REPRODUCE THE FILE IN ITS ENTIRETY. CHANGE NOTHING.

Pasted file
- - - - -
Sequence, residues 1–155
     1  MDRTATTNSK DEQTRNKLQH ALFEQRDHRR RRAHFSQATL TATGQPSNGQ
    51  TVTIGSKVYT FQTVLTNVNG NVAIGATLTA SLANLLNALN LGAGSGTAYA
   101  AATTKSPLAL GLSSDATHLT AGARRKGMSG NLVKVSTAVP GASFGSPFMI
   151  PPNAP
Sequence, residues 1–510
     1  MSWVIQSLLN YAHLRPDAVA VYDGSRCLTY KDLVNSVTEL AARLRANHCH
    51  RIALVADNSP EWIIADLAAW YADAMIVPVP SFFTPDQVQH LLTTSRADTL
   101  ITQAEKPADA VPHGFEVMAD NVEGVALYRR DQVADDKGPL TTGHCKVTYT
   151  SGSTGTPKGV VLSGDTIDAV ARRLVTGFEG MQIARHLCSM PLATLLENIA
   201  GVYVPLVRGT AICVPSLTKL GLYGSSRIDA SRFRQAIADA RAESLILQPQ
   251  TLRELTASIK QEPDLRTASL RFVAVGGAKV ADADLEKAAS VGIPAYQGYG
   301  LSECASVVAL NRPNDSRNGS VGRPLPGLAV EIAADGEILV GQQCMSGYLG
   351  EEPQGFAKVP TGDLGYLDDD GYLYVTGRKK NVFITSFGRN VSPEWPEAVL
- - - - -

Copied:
Sequence, residues 1–155
     1  MDRTATTNSK DEQTRNKLQH ALFEQRDHRR RRAHFSQATL TATGQPSNGQ
    51  TVTIGSKVYT FQTVLTNVNG NVAIGATLTA SLANLLNALN LGAGSGTAYA
   101  AATTKSPLAL GLSSDATHLT AGARRKGMSG NLVKVSTAVP GASFGSPFMI
   151  PPNAP
Sequence, residues 1–510
     1  MSWVIQSLLN YAHLRPDAVA VYDGSRCLTY KDLVNSVTEL AARLRANHCH
    51  RIALVADNSP EWIIADLAAW YADAMIVPVP SFFTPDQVQH LLTTSRADTL
   101  ITQAEKPADA VPHGFEVMAD NVEGVALYRR DQVADDKGPL TTGHCKVTYT
   151  SGSTGTPKGV VLSGDTIDAV ARRLVTGFEG MQIARHLCSM PLATLLENIA
   201  GVYVPLVRGT AICVPSLTKL GLYGSSRIDA SRFRQAIADA RAESLILQPQ
   251  TLRELTASIK QEPDLRTASL RFVAVGGAKV ADADLEKAAS VGIPAYQGYG
   301  LSECASVVAL NRPNDSRNGS VGRPLPGLAV EIAADGEILV GQQCMSGYLG
   351  EEPQGFAKVP TGDLGYLDDD GYLYVTGRKK NVFITSFGRN VSPEWPEAVL